What is wrong with SEBI's treatment of investors?
Moneylife Digital Team 08 August 2012

The market regulator has sent a routine, post-office like acknowledgement, even after writing to its chairman, which ensured that SEBI can wash its hands off any responsibility of responding

It is an open secret that market regulator Securities and Exchange Board of India (SEBI), time and again fails to redress grievances of investors. SEBI thinks every complaint; every mail sent to even its chairman should be replied mechanically. This certainly is the treatment EAS Sarma, former secretary of expenditure, Government of India, received when he wrote to UK Sinha, chairman, SEBI for the second time.


Mr Sarma, in his letter to the SEBI chairman (Mr Sinha) had questioned about non-disclosures by Reliance Industries (RIL) regarding the Krishna Godavari (KG) basin reserves. Earlier in June, Canadian Niko Resources, the joint venture partner of RIL in the KG Basin, startled investors with statement “Reliance Industries’ flagging KG-D6 gas block holds 80% less reserves than previously estimated.”


This material information should have been disclosed by RIL to investors at first moment’s notice. However, it never disclosed the information. While the news made waves in the market, the regulators remained silent. At this time, Mr Sarma wrote a letter to the SEBI chairman and also to secretary, Department of Economic Affairs, asking for the disclosures.


Instead of a proper reply, SEBI sent an automated reply to the former secretary in a tome and language, which ensures that the market regulator could wash its hands off any responsibility of responding.


In its response, SEBI said: “Please note that while the entity (RIL) is directly responsible for redressal of your complaint, SEBI initiates action against recalcitrant entities on the grounds of their unsatisfactory redressal of investor complaints as a whole”.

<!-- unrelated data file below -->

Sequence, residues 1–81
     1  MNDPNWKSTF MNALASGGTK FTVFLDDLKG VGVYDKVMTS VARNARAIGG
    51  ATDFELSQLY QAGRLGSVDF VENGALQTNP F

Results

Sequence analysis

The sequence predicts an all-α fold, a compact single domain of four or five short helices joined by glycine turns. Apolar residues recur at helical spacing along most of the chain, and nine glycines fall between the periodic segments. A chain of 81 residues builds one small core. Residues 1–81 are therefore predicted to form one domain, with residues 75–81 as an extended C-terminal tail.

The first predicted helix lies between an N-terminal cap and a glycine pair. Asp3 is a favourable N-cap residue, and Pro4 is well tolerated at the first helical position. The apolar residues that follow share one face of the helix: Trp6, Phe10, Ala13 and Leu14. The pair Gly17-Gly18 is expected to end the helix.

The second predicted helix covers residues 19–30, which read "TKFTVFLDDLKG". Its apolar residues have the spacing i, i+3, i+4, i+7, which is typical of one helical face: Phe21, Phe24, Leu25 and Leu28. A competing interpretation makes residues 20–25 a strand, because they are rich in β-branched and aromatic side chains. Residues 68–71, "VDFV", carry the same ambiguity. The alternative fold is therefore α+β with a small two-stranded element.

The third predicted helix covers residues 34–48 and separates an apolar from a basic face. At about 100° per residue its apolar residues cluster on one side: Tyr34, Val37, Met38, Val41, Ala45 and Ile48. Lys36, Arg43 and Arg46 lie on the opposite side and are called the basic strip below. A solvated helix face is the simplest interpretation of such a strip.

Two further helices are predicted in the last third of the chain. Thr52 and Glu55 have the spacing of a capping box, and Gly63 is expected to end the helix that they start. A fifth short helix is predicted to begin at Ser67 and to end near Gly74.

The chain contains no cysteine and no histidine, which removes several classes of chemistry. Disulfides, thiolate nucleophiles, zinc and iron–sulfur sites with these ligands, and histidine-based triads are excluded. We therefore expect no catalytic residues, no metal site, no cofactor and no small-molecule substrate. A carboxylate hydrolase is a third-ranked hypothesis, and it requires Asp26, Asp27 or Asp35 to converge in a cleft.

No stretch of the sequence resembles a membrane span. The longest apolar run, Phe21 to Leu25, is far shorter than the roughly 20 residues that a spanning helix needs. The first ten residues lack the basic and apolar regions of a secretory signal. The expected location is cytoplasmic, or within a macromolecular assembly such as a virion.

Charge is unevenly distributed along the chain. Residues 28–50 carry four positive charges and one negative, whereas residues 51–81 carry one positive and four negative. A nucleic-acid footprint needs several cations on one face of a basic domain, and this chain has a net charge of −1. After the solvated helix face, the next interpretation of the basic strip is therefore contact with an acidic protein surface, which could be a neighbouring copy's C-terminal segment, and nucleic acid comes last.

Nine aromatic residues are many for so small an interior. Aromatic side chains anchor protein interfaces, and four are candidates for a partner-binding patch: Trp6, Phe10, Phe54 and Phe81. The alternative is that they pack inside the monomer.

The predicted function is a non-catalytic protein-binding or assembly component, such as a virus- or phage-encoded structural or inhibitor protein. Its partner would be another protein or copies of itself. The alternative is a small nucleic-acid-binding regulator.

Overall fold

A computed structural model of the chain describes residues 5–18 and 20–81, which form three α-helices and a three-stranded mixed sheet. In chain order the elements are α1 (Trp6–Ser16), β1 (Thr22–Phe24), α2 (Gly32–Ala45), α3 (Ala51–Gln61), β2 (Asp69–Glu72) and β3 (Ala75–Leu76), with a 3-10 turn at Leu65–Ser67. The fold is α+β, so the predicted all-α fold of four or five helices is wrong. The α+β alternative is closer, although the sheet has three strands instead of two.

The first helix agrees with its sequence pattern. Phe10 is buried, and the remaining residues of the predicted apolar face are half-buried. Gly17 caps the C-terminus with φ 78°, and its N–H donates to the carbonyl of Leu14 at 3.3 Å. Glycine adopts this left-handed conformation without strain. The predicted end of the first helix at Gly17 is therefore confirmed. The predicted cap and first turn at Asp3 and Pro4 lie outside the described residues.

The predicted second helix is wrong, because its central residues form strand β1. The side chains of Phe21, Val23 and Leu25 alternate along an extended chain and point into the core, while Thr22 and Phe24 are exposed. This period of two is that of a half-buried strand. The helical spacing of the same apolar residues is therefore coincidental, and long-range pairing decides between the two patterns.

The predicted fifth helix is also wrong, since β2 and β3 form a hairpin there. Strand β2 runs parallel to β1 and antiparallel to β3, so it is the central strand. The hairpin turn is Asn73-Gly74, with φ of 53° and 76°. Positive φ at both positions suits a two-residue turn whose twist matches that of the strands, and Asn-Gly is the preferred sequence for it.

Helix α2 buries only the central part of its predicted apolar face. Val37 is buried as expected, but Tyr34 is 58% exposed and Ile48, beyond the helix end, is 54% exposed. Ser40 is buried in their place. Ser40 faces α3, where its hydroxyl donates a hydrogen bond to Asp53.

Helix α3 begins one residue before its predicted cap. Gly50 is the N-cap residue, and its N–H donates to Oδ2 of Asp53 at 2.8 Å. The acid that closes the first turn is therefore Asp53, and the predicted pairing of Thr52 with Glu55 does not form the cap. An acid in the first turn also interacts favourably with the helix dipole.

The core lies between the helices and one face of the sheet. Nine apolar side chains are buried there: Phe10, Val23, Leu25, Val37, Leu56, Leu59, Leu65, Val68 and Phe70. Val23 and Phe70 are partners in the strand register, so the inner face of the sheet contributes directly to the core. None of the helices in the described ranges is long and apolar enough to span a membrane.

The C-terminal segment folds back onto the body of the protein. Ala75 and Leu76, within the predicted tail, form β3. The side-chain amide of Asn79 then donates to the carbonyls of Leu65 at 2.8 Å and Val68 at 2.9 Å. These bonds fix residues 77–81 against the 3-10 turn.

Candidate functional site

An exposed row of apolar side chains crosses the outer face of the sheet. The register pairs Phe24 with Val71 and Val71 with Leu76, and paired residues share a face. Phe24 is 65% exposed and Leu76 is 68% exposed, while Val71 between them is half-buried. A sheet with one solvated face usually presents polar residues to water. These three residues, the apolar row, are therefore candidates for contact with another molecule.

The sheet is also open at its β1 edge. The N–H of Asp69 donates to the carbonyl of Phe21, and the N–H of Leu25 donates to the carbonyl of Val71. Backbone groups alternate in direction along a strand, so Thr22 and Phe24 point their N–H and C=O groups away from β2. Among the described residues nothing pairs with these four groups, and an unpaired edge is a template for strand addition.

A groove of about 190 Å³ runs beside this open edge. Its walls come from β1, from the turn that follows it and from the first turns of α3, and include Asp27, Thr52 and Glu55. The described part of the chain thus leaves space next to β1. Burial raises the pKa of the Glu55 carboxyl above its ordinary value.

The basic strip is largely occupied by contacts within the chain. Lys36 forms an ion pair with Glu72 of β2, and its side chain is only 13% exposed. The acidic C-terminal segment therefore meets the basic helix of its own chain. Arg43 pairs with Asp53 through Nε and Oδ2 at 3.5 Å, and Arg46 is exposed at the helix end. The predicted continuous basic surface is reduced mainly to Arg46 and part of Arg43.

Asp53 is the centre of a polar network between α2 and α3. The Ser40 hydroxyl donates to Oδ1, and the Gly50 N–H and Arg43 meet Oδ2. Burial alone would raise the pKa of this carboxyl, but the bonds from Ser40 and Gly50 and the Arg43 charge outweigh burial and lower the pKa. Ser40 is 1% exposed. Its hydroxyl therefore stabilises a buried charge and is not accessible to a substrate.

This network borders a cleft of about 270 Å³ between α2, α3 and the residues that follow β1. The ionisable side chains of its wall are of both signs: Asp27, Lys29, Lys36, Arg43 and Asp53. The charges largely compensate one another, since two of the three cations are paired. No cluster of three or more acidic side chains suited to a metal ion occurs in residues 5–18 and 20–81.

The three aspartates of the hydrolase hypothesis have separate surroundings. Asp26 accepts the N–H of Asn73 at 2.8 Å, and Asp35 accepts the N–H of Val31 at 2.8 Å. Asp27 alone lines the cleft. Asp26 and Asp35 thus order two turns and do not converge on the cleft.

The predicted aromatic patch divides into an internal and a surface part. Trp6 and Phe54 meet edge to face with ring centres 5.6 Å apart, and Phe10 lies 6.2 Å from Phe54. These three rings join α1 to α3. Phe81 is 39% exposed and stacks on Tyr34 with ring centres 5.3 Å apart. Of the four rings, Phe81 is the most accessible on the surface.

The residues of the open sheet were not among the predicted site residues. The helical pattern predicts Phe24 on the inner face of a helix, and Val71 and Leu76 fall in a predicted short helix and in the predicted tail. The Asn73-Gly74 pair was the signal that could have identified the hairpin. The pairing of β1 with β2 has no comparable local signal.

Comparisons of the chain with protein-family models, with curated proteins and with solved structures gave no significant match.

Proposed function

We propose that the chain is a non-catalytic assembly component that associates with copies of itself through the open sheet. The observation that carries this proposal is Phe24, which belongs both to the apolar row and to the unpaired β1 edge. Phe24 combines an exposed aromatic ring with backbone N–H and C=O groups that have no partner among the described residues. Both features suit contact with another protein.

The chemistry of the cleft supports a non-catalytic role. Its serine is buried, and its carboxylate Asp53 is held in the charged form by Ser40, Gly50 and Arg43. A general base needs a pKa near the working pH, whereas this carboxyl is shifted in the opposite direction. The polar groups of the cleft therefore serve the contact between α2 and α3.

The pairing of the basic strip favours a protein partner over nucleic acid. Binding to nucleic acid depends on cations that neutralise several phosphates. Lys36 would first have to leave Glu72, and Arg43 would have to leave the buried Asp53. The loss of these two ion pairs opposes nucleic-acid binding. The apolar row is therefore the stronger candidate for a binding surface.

It also says that if the complaint is not resolved in a ‘responsible’ (sic) period of time, SEBI will keep sending computerised reminders.  It also says, quite hilariously, that the complaint can be viewed on SEBI’s website, http://scores.gov.in (like a work of art?) and that initiation of action by SEBI is not a guarantee that it will be redressed.



Incidentally, this is not the first time that Moneylife has written about Reliance’s patchy disclosures. Earlier we had written about its Annual General Meeting, where RIL did not disclose information on some of its biggest projects. About the KG-D6 project, chairman Mukesh Ambani had said, “We are well on the way to creating a pipeline of projects for our next wave of oil and gas development projects which would include R series discoveries and all the satellite discoveries. Subject to receiving the requisite approvals, we hope to add around 30 (million metric standard cubic metres per day—mmscmd) of additional production through the new wave of planned developments,” whatever this means.


Earlier, RIL had in 2006 stated that output would rise to 80 mmscmd by 2012-13. It also said it would invest $5.2 billion to double the output to achieve the target. After making these rosy predictions, its share price went up from Rs1,264 to a high of Rs1,608. However, natural gas output at KG-D6 fields has dipped to 31.33 mmscmd in June 2012 after hitting a peak of 61.5 mmscmd in June 2010. It hardly touched 80 mmscmd. After that the RIL stock price dropped by about 50% to Rs790. Was Reliance playing around with the numbers and by having wildly optimistic view of the future?


Niko, which holds 10% stake in KG-DWN-98/3 (or KG-D6 block), said the field performance at the D1/D3 fields during 2011 demonstrated “higher than expected pressure draw-downs”. Further, “An assessment of reservoir performance concluded that, contrary to the previous geological model, the current D1/D3 producing wells did not appear to be receiving any contribution from outside the main channel areas,” Niko said in a PTI release.


Coming back to SEBI, it must be noted that the market regulator came into existence with a preamble to protect investors. Unfortunately, investors are vanishing from the markets and everyone in the government is now trying to bring them back through financial literacy seminars and programmes. But looking at the treatment meted out to a very senior bureaucrat by SEBI, few investors left in the markets must be feeling disenchanted.

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